Research shows education a circuit-breaker for kids in prison
Research shows education a circuit-breaker for kids in prison

A new Victoria University-led report reveals how the right education delivered in the right way can be a ‘circuit breaker’ for the hundreds of young people currently in custody in Victoria.

The study is the first to put a spotlight on education for incarcerated young people at Parkville and Malmsbury Youth Justice Precincts, highlighting what works well, and what key issues need to be considered for improvement.

Highly charged events at these centres in late 2016 and early 2017 led to polarised public views of young people in detention, and calls for a more punitive approach towards them.

However, the researchers say it is important to consider education as a protective factor in the future of these young people, as well as the legal right and obligation that all young Australians aged 17 or under have to engage in schooling.

The study, funded by Lord Mayor’s Charitable Foundation, began in November 2016, with data and insights drawn from interviews and observations with young people, teachers and staff.

Many young people in custody have been suspended or expelled from school on the outside, but the research shows most want to learn, and say it is central in getting through their time in custody.

The study has important implications for a $288M youth justice facility to be opened in 2021 at Cherry Creek near Werribee.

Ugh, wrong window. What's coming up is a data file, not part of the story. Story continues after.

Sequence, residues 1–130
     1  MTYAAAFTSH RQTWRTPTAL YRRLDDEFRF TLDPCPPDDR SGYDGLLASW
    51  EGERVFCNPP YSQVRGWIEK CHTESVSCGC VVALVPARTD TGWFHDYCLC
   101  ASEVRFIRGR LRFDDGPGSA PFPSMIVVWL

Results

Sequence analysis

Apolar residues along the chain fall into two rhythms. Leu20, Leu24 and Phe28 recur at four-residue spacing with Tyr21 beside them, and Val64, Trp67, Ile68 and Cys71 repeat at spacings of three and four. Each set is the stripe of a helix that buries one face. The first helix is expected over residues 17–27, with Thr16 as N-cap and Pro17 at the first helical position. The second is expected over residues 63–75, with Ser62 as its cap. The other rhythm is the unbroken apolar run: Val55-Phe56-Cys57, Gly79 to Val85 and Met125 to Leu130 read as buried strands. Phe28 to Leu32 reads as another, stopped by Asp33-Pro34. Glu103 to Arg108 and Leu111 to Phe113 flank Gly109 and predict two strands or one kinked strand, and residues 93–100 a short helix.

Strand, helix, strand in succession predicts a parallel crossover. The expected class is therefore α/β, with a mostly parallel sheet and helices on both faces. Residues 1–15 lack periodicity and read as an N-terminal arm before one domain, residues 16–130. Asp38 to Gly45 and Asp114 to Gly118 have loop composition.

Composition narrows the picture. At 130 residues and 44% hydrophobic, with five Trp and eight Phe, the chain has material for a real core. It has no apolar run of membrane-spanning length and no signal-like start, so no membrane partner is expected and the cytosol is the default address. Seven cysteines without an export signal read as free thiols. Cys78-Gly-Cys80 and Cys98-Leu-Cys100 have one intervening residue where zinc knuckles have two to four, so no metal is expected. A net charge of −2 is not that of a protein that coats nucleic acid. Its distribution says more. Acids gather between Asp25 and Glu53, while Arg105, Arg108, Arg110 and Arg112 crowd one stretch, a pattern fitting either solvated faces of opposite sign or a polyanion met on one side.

Some key issues:

  • Time in custody should be an opportunity to reboot futures, yet learning time is often wasted because security concerns override those of education. For example, class groups are based on potential for the least amount of conflict, rather than on education needs.
  • Girls and young women, students with health and disability needs, those on remand, and young people from diverse cultural backgrounds have unequal access to education.
  • Department of Justice & Regulation staff and Parkville College teachers must have a common purpose in supporting young people in custody.
  • Strong transition pathways are needed as young people move from custody to community.

Improving educational connections for young people in custody
was launched today by a team of researchers and experts including:

  • Victoria University - Associate Professor Julie White (Project Lead), Dr Alison Baker, Dr Philippa Moylan, Mr Ruq Abdul Manan
  • University of Tasmania - Professor Kitty te Riele
  • Deakin University - Dr Tim Corcoran.

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